Training Wheels vs Balanced Bike vs Tricycle Stroller – Which One Is Best For A Toddler?

Getting a new set of wheels for your toddler should be an easy task, but it turns out there are so many things to consider! Just like other parents, you are probably wondering if it’s best to get a balanced bike, pedal bike with stabilisers, or maybe invest in a tricycle stroller combo. What is the best option and when it’s the right time to get a new vehicle for your kiddo?

In this article I will compare training wheels vs balance bike vs tricycle stroller. I’m going to show you all advantages and limitations of each, so you could decide what’s best for your child.

training wheels vs balance bike vs tricycle

If you’re in your 20s or 30s, you most likely learned to ride a bike using training wheels, also called stabilisers. I remember that riding a pedal bike with stabilisers was so easy to me, and when my parents took them off, it was SO DIFFICULT! I felt like I had zero balance and my coordination wasn’t developed yet, so I fell off that bike many times and every time got home with scrapped knees and a few new bruises.

Thankfully, for my kids (and yours too!) there is better and easier way to learn to how to cycle now. There is this ingenious invention called balance bike, which a toddler can start using at the age of 1.5-2 years! It has been really popular in the last couple of years and it’s turned out to facilitate cycling lessons.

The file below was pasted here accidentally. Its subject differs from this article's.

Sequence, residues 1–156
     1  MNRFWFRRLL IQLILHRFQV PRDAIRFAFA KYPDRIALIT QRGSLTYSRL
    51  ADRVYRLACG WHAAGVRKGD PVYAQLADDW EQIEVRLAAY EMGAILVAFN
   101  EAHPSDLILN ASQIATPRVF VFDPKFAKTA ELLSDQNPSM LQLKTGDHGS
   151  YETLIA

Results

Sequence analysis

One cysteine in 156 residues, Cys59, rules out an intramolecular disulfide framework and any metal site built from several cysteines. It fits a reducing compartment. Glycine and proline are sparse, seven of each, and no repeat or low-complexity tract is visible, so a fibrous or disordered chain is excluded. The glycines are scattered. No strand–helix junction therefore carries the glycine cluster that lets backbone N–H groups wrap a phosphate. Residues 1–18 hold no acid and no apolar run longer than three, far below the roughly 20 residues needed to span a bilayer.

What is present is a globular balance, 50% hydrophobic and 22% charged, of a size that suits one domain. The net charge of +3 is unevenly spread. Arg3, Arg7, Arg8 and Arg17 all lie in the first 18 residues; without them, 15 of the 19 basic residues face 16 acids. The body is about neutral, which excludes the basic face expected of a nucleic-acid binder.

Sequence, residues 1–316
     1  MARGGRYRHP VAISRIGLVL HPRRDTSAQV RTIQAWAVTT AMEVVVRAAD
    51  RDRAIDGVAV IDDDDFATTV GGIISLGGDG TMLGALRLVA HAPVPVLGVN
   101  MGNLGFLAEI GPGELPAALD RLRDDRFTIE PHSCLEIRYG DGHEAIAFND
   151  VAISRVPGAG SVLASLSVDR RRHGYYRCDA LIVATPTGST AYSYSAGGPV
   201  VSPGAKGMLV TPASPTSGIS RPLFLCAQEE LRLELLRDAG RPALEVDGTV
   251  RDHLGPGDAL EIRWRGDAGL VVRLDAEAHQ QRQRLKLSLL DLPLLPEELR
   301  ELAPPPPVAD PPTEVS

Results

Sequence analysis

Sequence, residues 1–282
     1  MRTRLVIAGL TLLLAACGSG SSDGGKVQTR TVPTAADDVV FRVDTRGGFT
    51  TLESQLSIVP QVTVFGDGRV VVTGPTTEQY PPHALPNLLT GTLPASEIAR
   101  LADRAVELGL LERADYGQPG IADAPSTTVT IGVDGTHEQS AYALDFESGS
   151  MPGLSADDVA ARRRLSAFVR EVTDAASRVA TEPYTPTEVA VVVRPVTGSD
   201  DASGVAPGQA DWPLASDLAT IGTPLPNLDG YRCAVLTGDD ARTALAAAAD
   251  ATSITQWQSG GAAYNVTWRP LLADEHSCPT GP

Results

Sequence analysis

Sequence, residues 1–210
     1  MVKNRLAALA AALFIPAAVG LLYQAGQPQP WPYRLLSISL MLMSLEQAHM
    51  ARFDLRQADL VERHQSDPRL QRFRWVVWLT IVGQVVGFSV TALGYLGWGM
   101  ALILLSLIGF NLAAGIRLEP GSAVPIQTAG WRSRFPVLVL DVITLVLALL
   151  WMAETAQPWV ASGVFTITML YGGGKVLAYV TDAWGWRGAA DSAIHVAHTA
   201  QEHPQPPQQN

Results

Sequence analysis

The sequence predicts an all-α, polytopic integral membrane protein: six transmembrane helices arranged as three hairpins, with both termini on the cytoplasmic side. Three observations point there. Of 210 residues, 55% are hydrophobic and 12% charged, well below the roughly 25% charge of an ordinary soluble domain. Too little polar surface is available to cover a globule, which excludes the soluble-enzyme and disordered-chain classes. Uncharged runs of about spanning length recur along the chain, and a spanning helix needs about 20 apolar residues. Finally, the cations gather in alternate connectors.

Another fantastic option is a stroller trike combo – which basically is a tricycle with reclining seat, canopy and parent handle – just like a stroller. Some (like Bentley 6in1 tricycle) can be used from 6 months in the “stroller mode” with seat facing parents. Then, step by step, it converts into a tricycle. You can find my list of the best tricycle strollers here.

Let’s dive deeper into our comparison and see what exactly a balanced bike, a pedal bike with stabilisers and a stroller trike are, and what are the main differences between them.

Pedal Bike With Stabilisers (Training Wheels)

Simply put, this is a kids bike with pedals, chain, brakes and cranks, with additional set of small wheels attached at the back for added stability. All pedal bikes should have one or two (front and rear) brakes.

Training wheels - kids bike with stabilisers

This type of bike grows with the child – you can start using it when your toddler is tall enough to pedal on his own, and then remove the stabilizers when he’s ready. If the saddle and handlebar heights are adjustable, such a bike may serve your child for a few years.

Here the child learns to pedal first, but doesn’t develop balance and coordination. The stabilisers always keep the bike upright and stable. The child feels secure and confident, because he can ride a bike without the need to balance it, because the training wheels are doing this for him.